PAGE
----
I am also sceptical as regards the possibility of attacks from the outside, but I may ask those who refuse to believe in such a contingency to prove its impossibility. International events are such that no man can foretell what complications they may lead

National Defence-Mr. Lalonde
to. We even see our southern neighbours, protected as they are by their geographical position between two oceans, building up a great air fleet at an annual cost of several million dollars. On this subject, I believe we will simply have to adhere to the principle of the most elementary local protection, because it is materially impossible to think of militarizing Canada. I would indeed be relentlessly opposed to such a policy.
I am equally sceptical as to the true meaning of this armament policy. Are we moving towards a contributory imperialism? If we permit these estimates to be voted without any protest to-day, shall we, to-morrow be [DOT]bound by a dangerous precedent? Should we also believe the statement made by the Right Hon. Neville Chamberlain and reported in the morning papers in connection with the military estimates of 7 billion 500 million dollars voted in England, "that it is not the intention to invite the dominions to share in a common scheme of defence."
Here again, we must admit that accurate foresight is difficult. God only knows what the future has in store and we are powerless before His divine intents.
To sum up, Mr. Speaker, upon what basis are we going to build up our knowledge and our conclusions? Whom are we going to believe? Whom are we going to trust? Shall we give credence to the demagogical outbursts of the Conservatives and their newspapers? Or to the sententious warnings of the nationalist press? Or again to the vain threats of certain associations financed by the tories and which, under the chaste cloak of patriotism, are carrying on an active propaganda against the federal Liberal party? Or lastly, to the whispers of a mob treacherously deceived by the false prophets of extreme nationalism, whose 'adherents will perhaps be the first to call upon our militia to save them from the anger of that mob, roused by them to a frenzy of demagogy?
Of course, Mr. Speaker, as one lone protest has reached me from my constituency, the . only alternative left me is to give my full confidence to those who are responsible for the government of our country. To my mind, it would be an insult to question the true Canadianism of the Right Honourable Prime Minister (Mr. Mackenzie King). His past behaviour bespeaks his future actions. And when he said these words which I find in Hansard, February 15, 1937, page 890:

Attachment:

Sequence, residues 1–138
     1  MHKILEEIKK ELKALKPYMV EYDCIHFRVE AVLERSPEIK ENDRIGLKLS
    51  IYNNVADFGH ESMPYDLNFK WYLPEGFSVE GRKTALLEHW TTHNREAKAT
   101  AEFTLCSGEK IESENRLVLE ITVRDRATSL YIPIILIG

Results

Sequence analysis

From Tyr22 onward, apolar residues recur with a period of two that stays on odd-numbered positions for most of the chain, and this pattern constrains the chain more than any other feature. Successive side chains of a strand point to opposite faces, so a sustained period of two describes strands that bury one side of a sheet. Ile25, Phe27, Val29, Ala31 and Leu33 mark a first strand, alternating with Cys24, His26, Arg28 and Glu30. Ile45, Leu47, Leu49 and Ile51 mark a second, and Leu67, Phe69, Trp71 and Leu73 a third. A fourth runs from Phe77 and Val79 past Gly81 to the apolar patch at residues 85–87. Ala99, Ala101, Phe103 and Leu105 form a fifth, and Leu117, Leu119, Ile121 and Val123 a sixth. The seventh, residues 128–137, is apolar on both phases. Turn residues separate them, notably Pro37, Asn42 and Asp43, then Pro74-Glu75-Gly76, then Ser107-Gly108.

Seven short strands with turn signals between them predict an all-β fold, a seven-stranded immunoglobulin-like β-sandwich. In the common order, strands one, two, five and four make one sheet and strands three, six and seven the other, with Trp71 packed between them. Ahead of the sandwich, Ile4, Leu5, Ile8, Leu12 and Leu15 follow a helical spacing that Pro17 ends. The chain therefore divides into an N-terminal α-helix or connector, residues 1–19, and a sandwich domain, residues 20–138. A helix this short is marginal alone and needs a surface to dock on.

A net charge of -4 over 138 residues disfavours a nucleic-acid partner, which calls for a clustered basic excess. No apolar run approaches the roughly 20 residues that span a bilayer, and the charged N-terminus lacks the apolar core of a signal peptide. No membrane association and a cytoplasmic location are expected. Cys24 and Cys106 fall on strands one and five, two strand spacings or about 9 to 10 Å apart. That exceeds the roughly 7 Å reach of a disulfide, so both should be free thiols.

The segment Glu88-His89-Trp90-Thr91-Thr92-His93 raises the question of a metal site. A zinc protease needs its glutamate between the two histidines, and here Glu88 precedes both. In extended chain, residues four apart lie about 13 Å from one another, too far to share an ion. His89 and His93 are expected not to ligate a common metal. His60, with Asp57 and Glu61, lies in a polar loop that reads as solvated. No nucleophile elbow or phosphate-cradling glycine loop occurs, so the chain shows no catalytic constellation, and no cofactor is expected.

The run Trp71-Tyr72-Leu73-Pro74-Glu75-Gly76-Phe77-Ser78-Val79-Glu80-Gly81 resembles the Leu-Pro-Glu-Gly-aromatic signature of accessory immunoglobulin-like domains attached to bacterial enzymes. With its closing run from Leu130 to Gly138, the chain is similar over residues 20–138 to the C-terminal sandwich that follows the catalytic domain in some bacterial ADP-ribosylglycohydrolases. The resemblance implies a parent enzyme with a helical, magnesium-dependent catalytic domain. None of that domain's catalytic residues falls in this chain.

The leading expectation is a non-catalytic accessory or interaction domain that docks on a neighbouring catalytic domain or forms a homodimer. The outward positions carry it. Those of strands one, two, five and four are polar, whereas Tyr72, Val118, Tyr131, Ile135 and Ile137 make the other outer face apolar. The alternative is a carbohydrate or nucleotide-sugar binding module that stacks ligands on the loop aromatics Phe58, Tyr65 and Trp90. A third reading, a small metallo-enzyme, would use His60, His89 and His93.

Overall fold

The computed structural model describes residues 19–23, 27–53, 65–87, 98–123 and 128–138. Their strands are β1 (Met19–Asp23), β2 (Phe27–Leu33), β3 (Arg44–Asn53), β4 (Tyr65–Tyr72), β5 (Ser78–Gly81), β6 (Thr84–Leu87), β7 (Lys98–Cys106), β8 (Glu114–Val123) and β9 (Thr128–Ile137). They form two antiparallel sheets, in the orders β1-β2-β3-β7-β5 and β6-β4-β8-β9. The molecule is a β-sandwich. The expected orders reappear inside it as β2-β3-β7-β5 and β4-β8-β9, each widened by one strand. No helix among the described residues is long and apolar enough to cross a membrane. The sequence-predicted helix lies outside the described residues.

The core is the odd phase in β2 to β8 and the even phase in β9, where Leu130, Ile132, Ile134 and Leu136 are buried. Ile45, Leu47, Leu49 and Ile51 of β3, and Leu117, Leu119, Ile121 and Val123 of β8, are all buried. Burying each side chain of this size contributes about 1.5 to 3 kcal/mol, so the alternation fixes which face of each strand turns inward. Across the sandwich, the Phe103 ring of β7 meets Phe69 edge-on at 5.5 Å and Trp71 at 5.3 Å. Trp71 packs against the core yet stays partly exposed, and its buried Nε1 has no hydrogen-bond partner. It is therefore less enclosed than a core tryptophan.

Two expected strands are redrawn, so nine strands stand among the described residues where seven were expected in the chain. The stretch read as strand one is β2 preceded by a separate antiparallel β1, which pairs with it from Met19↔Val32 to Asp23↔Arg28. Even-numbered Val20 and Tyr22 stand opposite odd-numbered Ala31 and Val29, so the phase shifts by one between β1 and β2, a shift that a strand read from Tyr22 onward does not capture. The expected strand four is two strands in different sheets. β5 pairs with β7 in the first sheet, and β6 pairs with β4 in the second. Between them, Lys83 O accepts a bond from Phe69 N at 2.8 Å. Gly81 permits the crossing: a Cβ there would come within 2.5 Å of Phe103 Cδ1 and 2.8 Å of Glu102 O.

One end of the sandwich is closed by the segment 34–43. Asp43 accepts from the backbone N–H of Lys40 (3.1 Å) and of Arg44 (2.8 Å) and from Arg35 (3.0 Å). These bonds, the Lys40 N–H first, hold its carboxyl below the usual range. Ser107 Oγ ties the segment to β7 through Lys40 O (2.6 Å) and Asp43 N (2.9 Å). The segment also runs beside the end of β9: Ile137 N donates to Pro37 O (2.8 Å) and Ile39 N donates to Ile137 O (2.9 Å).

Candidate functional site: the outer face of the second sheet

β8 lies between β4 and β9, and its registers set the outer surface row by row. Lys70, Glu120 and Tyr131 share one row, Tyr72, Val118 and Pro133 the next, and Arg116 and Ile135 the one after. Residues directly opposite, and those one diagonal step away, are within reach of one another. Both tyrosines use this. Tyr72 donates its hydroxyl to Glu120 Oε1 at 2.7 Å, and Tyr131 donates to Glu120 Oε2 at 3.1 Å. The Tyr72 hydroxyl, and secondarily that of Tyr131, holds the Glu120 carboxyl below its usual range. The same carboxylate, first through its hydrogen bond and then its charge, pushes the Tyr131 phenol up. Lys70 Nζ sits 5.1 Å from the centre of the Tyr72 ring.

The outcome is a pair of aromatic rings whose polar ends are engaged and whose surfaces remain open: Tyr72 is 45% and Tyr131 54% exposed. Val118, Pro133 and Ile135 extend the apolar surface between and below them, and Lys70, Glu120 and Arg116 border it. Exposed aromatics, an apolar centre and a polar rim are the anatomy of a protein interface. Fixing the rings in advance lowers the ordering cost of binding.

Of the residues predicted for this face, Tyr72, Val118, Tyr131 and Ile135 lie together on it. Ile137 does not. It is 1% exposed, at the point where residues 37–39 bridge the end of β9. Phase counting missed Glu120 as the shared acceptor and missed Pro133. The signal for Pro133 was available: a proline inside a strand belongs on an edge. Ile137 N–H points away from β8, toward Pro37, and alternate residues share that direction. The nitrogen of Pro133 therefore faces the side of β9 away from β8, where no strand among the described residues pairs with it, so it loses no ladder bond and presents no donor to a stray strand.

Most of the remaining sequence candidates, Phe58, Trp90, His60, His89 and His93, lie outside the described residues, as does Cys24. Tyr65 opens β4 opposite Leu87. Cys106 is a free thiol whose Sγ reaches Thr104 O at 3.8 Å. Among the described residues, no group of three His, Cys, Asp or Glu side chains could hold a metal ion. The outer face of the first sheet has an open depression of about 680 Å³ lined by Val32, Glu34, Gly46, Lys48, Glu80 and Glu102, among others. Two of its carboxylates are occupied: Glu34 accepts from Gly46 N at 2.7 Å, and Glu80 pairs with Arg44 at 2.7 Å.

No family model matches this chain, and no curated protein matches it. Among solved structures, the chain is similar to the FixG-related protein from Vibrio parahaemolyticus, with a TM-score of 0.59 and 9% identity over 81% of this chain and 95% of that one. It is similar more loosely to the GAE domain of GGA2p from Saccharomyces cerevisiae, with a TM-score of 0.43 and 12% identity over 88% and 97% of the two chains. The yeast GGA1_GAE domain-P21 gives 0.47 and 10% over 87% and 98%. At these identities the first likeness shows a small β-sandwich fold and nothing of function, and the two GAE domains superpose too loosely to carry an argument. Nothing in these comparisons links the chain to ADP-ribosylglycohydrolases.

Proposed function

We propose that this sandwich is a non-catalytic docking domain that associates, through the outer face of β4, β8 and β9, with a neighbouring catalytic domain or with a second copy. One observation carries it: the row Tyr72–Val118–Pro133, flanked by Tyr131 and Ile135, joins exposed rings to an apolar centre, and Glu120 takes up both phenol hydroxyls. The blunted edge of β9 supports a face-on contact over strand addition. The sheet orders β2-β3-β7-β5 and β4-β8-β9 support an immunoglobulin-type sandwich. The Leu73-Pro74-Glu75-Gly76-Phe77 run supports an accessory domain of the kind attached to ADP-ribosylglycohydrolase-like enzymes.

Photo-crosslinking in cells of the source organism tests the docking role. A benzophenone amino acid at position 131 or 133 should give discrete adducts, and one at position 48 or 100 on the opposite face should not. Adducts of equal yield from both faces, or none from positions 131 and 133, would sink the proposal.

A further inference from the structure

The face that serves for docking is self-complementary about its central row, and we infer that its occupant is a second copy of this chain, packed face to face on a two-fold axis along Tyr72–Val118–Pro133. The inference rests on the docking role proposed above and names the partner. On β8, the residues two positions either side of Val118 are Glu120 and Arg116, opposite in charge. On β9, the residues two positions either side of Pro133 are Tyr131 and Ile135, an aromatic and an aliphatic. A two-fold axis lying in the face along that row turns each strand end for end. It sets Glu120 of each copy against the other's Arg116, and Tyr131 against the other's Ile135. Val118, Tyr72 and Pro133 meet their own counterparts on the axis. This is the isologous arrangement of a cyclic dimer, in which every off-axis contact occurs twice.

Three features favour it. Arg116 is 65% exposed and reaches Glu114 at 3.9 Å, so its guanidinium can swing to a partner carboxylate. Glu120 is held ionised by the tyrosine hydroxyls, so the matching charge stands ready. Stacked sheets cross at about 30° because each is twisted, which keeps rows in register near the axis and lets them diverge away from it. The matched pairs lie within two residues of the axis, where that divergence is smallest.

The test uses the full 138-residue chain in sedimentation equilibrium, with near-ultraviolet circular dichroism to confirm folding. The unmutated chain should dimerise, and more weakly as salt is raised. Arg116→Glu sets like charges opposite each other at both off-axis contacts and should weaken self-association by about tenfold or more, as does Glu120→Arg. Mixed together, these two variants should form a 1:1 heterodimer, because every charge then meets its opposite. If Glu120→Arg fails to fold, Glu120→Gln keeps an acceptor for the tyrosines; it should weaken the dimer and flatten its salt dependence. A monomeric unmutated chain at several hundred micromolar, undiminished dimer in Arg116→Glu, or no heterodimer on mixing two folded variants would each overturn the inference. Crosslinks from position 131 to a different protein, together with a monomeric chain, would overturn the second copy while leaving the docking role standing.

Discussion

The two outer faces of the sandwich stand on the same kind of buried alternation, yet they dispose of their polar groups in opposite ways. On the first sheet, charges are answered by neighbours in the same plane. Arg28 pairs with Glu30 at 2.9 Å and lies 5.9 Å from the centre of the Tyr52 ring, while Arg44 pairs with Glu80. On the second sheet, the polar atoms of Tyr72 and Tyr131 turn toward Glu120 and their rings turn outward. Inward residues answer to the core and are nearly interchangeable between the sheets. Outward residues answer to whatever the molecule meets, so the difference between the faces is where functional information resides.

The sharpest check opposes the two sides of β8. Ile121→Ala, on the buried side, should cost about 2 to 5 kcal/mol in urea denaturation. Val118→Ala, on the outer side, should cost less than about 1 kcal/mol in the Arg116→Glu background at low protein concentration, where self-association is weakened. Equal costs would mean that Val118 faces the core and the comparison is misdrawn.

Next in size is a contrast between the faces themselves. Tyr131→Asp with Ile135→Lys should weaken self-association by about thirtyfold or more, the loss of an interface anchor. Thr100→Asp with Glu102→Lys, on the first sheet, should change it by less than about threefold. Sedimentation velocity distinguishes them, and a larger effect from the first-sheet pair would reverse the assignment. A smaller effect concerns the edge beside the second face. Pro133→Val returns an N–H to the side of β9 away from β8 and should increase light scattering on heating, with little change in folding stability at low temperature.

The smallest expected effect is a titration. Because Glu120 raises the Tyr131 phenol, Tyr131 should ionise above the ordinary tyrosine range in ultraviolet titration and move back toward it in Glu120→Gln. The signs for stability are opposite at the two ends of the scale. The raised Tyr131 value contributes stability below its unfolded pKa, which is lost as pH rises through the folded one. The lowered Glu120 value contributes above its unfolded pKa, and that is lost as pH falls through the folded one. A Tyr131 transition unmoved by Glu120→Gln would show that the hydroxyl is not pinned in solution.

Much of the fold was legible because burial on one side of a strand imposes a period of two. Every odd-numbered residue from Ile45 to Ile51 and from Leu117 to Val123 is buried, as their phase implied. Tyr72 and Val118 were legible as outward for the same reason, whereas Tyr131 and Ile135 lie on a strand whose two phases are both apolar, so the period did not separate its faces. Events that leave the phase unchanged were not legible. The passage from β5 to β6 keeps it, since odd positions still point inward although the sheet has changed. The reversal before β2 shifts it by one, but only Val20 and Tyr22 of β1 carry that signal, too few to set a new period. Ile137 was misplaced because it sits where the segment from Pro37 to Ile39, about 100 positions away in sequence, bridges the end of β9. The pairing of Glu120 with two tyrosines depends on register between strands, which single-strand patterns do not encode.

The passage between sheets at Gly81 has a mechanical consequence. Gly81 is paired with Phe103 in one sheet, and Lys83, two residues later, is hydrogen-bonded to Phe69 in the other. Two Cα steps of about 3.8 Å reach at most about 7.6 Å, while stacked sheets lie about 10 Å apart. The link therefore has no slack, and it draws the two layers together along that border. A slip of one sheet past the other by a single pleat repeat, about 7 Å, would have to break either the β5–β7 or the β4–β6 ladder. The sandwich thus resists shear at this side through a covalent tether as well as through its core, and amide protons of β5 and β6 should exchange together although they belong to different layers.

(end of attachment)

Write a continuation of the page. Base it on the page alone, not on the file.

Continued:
I must deny categorically and immediately what my hon. friend has said.
The hon. member for Rosetown-Biggar {Mr. Coldwell) had just made a statement.
(Mr. Lalonde.]
There are no commitments and no understandings in the nature of commitments between this government and the government of Great Britain or any other government.
I fail to understand how anyone can doubt his word and conclude that our country is moving towards military imperialism. I cannot understand how certain newspapers, especially Le Droit in its issue of February 17, 1937, can make such statements as this one:
Can the Minister of National Defence give us the unconditional assurance that, notwithstanding his own intentions the new armaments he asks for will not be used in a war waged by England in Europe or elsewhere? Is he in a position to give us a concrete guarantee-
Let me emphasize that word concrete so as to show its sheer stupidity.
-that if, to-morrow, England were to be involved in a war, these new armaments will not serve any other purpose than the protection of Canada's neutrality in case of any attack against her own territory? In a word, can he tell us how these new armaments would be used in the event of war? Whatever the Minister of National Defence intends to do for the moment, he cannot give us any real assurance that these armaments will not be used in such a conflict.
The man who made that statement speaks ex-cathedra and he imputes to the Minister of National Defence (Mr. Mackenzie) motives that he never had. I may say that the writer of this article, if he is not blind or deaf and if he is not determined to oppose to the end everything that is reddish and to extol everything that is bluish, should read, read over again, consider and reconsider the speech in which the Minister of National Defence states more than once that our armaments will only be used for the protection of our territory.